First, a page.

Grumbling under our breath to ourselves about the rain must be an infinite affront to the majesty and authority and worth of HIS GREAT NAME.

What an amazing God, then, who visits the furious wrath deserved upon those who grumble about His rain. He visits the full fury of hell, upon His Son, who gladly volunteered for the job "for the joy that was set before him." (Hebrews 12:2 ESV)

I CANNOT believe I get to worship this God!

What a God!
What a God!
What a God!

In summary, hell is a doctrine that is demanded by an understanding of the nature of the God of the Bible. Period.

If you don't agree, you have to deny the core, fundamental essense of who God is.

Ultimately, in order to escape these Biblical truths, you must create another god.

This is called idolatry.


* God loves Himself above all things, and does all that He does to bring glory to Himself.

* God is worthy of all, and worth giving glory to.

* Even the slightest grumble under your breath, alone by yourself where no one hears, is worth an infinite amount of punishment. (Indeed, I did not say this earlier but an infinite amount of punishment in hell really isn't enough to pay for just one of our crimes, let alone our multiplied crime upon crime. If hell didn't exist the trees and the rocks would SCREAM for justice!!)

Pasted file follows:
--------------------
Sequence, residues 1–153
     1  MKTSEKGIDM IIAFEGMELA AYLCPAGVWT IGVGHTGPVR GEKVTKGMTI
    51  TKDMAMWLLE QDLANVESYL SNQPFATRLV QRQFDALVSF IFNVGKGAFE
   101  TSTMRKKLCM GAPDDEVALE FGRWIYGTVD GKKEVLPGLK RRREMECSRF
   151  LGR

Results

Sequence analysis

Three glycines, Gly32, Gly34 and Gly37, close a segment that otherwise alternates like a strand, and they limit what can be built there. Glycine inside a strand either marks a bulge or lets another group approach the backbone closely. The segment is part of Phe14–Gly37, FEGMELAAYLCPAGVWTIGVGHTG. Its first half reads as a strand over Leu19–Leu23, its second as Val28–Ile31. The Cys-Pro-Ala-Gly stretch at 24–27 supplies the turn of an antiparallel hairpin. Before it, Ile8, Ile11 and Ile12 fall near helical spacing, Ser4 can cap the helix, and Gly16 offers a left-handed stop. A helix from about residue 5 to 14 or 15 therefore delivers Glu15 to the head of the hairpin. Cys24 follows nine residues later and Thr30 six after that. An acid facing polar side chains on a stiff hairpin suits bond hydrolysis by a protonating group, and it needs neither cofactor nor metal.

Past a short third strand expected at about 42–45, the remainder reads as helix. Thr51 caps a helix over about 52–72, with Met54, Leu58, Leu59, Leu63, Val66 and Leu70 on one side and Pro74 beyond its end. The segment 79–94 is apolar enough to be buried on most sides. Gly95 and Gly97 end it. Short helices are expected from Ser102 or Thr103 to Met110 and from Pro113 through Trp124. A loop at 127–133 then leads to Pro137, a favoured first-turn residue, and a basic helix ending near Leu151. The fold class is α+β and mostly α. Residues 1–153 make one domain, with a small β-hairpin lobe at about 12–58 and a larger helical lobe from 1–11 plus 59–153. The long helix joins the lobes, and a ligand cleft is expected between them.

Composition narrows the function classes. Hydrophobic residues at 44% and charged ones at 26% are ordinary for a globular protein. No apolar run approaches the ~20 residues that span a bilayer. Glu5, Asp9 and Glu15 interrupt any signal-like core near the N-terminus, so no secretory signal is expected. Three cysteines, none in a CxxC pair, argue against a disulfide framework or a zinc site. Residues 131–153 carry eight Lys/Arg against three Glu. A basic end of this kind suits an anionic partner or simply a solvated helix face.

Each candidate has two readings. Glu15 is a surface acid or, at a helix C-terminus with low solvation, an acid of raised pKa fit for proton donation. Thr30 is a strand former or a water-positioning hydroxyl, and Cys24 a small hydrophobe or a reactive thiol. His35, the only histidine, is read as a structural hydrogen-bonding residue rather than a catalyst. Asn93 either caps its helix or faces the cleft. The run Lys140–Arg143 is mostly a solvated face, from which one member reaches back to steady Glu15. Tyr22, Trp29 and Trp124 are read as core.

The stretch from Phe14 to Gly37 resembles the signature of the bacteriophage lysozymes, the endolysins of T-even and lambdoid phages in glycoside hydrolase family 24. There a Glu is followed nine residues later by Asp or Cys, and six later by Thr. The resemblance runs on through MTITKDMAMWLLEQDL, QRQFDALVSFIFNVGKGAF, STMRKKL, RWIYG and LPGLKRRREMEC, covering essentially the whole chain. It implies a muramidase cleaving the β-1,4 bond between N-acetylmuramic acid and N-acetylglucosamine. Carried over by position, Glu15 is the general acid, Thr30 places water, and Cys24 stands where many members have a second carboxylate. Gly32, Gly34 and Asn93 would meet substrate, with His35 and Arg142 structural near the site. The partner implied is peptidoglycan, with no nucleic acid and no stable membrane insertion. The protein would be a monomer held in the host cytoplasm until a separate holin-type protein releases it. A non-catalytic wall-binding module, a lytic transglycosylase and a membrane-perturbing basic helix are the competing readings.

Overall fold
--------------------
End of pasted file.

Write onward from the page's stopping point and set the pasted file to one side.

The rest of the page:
* God would not be just to Himself if He did not mete out the just punishment on those who grumble under their breath.

* This God is amazing who visits the fury of infinite wrath upon Himself in order to show kindness to us, so that we will in turn bring Him the glory He deserves.


"...bring my sons from afar and my daughters from the end of the earth, everyone who is called by my name, whom I created for my glory, whom I formed and made." (Isaiah 43:6b-7 ESV)